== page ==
More than 400,000 people have "crossed the threshold into famine" in Ethiopia's war-torn Tigray region, a senior UN official said, appealing for urgent humanitarian action to help the millions affected by the brutal eight-month long conflict.

Fighting between the Ethiopian government and the Tigray People's Liberation Front (TPLF) was reignited last month when the rebels launched a major counter-offensive that saw them retake their regional capital of Mekele.

This week two key bridges allowing desperately-needed aid into the region were destroyed, prompting fears the federal government was seeking to choke off humanitarian assistance -- a charge Addis Ababa denied.

Yesterday saw the UN Security Council hold its first public meeting on a conflict that has left thousands of dead and plunged hundreds of thousands into hunger.

Ramesh Rajasingham, Acting Under-Secretary-General for Humanitarian Affairs and Emergency Relief Coordinator, told that meeting that the situation had "worsened dramatically" as the conflict had reignited in recent weeks.

"More than 400,000 people are estimated to have crossed the threshold into famine and another 1.8 million people are on the brink of famine," he said.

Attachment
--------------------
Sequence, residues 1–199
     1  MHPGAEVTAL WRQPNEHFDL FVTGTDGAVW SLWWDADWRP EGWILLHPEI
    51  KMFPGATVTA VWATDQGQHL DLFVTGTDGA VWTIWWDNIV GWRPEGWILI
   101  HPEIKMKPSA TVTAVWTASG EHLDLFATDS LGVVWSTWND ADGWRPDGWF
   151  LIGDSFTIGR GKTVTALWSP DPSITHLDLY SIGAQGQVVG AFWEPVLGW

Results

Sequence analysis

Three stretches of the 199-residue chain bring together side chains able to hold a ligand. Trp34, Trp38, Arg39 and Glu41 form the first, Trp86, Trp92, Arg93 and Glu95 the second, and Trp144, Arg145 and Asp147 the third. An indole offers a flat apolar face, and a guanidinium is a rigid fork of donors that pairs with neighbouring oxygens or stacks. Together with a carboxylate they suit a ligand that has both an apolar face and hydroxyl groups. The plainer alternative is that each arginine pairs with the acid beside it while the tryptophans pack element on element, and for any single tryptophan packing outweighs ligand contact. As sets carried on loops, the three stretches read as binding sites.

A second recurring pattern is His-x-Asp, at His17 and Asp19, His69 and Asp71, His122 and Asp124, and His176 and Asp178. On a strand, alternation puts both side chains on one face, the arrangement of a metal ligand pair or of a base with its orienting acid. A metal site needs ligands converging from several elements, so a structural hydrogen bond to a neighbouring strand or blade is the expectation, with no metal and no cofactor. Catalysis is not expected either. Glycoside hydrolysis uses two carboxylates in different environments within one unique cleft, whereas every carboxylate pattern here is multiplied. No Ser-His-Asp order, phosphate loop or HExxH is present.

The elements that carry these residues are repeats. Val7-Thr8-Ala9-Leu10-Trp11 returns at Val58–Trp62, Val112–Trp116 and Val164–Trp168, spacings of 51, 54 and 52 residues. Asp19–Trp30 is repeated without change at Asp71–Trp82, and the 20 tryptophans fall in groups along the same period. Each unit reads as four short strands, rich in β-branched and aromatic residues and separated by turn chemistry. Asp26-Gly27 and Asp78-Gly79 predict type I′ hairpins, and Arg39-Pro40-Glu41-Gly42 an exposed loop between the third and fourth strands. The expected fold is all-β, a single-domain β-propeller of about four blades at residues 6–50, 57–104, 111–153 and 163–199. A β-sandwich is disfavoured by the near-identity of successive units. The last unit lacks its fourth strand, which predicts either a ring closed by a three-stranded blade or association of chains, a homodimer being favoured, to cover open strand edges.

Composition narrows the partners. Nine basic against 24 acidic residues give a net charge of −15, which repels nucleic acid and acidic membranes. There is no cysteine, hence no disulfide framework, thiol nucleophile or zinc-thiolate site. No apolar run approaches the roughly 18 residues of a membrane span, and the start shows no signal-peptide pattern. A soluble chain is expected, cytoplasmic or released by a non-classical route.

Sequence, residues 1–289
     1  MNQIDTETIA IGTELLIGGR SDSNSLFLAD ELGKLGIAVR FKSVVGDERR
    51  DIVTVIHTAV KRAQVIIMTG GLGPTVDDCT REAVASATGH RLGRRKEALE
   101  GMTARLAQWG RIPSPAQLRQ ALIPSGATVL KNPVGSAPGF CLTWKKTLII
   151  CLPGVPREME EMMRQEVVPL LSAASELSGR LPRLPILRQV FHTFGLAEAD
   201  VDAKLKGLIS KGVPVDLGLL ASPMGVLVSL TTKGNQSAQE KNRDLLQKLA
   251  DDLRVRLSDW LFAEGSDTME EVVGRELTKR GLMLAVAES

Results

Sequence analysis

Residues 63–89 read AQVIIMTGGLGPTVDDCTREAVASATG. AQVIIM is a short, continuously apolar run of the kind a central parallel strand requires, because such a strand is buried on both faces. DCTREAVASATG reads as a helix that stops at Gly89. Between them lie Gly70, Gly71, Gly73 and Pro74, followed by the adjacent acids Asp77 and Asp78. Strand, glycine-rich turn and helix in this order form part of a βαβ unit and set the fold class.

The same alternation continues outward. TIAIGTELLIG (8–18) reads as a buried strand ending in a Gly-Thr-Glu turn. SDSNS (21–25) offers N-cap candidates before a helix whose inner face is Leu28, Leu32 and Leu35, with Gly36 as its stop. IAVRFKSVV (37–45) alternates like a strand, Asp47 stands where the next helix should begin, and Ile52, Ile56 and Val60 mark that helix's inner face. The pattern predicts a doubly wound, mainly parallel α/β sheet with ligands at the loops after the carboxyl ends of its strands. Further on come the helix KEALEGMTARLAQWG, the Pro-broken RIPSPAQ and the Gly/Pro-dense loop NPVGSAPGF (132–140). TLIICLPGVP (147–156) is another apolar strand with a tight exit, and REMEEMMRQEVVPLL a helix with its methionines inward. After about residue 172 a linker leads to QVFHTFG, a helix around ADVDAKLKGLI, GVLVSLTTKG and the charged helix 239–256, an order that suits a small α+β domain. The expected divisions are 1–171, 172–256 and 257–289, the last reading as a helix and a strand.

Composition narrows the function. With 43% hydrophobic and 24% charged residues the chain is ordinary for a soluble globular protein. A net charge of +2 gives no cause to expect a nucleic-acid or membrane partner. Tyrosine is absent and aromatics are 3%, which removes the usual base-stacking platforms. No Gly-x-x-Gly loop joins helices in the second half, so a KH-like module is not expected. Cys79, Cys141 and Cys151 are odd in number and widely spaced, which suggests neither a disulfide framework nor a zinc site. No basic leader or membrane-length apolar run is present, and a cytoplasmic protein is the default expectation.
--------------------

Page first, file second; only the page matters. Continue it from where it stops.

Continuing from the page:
"Some are suggesting that the numbers are even higher. 33,000 children are severely malnourished."

"The lives of many of these people (in Tigray) depend on our ability to reach them with food, medicine, nutrition supplies and other humanitarian assistance," he added.

"We need to reach them now. Not next week. Now."

Ethiopia has rejected charges that it planned to choke off aid to the region.

"The insinuation that we are planning to suffocate the Tigrayan people by denying humanitarian access and using hunger as a weapon of war is beyond the pale," Deputy Prime Minister Demeke Mekonnen told diplomats gathered at a hotel in the capital Addis Ababa.

Officials are "using every ounce of our strength to extricate" Tigrayan civilians "from the dire situation they find themselves in", he added.

Wounded captive Ethiopian soldiers arrive at the Mekele Rehabilitation Centre in Tigray

Prime Minister Abiy Ahmed, winner of the 2019 Nobel Peace Prize, sent troops into Tigray last November to detain and disarm leaders of the regional ruling party, the Tigray People's Liberation Front (TPLF).

He said the move was in response to TPLF attacks on federal army camps, and declared victory within weeks after federal forces took the regional capital Mekele.

But after the rebels, having rebranded themselves the Tigray Defence Forces (TDF), retook Mekele and asserted control over most of the region, the government announced a unilateral ceasefire that the TDF has dismissed as "a joke".

Senior UN official Rosemary DiCarlo urged the group to "immediately and completely" endorse the ceasefire.

"A ceasefire observed by all parties would not only facilitate the provision of humanitarian aid but would also be a starting point for the necessary political efforts to chart a way out of the crisis," Ms DiCarlo said.